The Yomiuri ShimbunIf Germany’s political impasse is protracted, it could cast a shadow over the unity of the European Union. It is imperative for the country to establish a stable government as early as possible.
German Chancellor Angela Merkel is facing difficulties in establishing her fourth-term administration. The Merkel-led center-right Christian Democratic Union/Christian Social Union (CDU/CSU) managed to maintain the position of the largest party in the September general election, but has yet to secure a coalition partner.
This is an extraordinary situation for Germany, a country known for its political stability. Factors behind this appear to be an election system under which it is difficult for a party to secure a majority singlehandedly and the emergence of many different parties in recent years.
Germany has adopted a proportional representation with single seat constituency electoral system, with the proportional representation having more weight. The combination of coalition parties, centering on conventional major parties, had previously been decided without difficulty. But the situation changed as the political map was remade in the wake of the September general election.
Two big parties — the CDU/CSU and the center-left Social Democratic Party (SPD) — suffered declines in the number of their parliamentary seats. A right-wing party calling for “antirefugee” policies gained parliamentary seats for the first time, creating a situation in which six parties hold seats.
Merkel tried to form a three-party coalition government with the center-right Free Democratic Party (FDP) and Alliance 90/The Greens, an environmentalist party. But the negotiations fell through.
She failed to resolve the confrontation between the Greens, which would allow refugees to bring over their families, and the FDP, which opposes such a policy. Wasn’t it unreasonable to try to form a coalition of three parties whose political principles and policies differ so greatly?
Merkel must show leadership
It can be said that the decline in Merkel’s unifying force has become apparent in the aftermath of her failure to form a coalition government. The only realistic option left for a coalition partner is the SPD.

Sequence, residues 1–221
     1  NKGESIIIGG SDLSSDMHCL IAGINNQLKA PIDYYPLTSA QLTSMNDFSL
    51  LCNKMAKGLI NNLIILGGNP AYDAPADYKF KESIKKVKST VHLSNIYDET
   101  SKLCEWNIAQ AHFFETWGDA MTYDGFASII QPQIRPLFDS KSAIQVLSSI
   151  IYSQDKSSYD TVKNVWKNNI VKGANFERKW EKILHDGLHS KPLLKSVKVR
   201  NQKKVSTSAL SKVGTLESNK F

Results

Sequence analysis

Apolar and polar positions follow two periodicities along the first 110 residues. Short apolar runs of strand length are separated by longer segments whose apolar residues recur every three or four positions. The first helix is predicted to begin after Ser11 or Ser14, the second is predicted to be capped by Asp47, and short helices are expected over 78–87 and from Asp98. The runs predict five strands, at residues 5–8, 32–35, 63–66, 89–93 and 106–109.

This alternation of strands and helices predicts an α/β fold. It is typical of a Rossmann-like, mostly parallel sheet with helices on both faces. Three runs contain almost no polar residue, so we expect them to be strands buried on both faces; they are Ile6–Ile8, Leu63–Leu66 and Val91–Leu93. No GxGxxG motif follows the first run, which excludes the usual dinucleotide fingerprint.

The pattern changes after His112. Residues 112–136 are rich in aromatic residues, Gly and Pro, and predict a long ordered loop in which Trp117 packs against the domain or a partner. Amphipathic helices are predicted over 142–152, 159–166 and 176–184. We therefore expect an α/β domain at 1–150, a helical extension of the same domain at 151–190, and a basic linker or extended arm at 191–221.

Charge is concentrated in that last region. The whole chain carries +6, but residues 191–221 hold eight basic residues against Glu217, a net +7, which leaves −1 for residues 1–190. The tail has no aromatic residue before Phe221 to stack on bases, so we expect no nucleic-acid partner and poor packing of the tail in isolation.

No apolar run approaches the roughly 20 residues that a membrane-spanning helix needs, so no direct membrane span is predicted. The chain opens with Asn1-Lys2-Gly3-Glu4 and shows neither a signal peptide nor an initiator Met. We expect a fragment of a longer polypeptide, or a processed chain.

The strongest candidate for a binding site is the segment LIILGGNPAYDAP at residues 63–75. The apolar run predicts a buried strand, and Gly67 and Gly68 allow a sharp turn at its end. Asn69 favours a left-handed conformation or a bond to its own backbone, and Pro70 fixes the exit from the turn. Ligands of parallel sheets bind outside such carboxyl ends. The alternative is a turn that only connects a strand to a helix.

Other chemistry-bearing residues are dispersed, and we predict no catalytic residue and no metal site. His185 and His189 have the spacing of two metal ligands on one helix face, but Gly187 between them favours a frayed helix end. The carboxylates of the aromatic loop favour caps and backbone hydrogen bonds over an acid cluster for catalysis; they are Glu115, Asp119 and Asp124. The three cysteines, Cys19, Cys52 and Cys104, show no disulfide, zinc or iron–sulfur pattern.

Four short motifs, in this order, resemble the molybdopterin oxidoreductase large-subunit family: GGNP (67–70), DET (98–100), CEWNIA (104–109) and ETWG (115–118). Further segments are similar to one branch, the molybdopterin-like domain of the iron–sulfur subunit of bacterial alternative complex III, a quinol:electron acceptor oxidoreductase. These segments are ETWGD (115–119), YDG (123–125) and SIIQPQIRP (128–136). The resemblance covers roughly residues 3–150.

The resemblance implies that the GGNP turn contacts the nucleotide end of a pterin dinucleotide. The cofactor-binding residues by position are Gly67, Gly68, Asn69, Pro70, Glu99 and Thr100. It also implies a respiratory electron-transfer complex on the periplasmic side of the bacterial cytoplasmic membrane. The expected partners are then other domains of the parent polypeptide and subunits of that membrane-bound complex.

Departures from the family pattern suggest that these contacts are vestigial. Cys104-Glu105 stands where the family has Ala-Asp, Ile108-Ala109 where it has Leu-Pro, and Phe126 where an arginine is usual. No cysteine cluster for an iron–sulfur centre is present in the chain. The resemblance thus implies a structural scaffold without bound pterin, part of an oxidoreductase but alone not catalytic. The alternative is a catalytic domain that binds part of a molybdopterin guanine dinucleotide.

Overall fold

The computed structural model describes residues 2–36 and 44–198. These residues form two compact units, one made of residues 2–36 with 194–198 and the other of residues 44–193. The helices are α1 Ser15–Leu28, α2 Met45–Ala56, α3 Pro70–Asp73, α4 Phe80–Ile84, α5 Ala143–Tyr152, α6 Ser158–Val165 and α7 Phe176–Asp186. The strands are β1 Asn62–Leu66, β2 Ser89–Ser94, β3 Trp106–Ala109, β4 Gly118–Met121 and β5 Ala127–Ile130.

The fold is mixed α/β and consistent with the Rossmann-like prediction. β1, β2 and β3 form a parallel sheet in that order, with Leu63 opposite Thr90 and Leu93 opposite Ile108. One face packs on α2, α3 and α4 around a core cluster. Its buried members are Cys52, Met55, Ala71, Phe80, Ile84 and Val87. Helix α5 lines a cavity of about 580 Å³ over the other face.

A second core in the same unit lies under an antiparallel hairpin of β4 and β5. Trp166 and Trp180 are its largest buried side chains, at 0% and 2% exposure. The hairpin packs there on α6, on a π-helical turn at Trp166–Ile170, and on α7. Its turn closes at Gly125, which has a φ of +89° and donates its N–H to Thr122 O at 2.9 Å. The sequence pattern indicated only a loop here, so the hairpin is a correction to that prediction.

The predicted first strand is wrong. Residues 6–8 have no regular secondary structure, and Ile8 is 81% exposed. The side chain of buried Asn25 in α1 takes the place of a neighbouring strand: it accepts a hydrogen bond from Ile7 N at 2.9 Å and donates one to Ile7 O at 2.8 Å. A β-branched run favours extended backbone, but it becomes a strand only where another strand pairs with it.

German President Frank-Walter Steinmeier came forward to mediate them to prevent the political vacuum from being prolonged and avoid having to hold another general election.
The SPD planned to quit the grand coalition with the CDU/CSU that had been in place since 2013. This is because the SPD judged that its failure to display its own uniqueness within the coalition government had led to its setback in the September poll. Attention is focused on whether the SPD will turn to take a flexible stance toward the coalition proposal following the mediation of the president.
It is worrying that Merkel could become unable to display leadership within the EU as she is entangled in internal politics.
At its summit meeting set for mid-December, the EU will decide whether to enter into trade negotiations with Britain as part of a series of procedural talks on Britain’s exit from the EU. This is a crucial phase of Brexit negotiations. Germany is called on to exercise leadership in the talks to prevent Japanese and other foreign companies operating in Britain from being dealt a blow in the aftermath of Brexit.
French President Emmanuel Macron has put forth EU reform plans, including instituting a system to compile a common budget for the eurozone. To promote these plans, cooperation with Germany will be indispensable. Germany’s political gridlock would make reforms difficult and lead to the stagnation of Europe as a whole.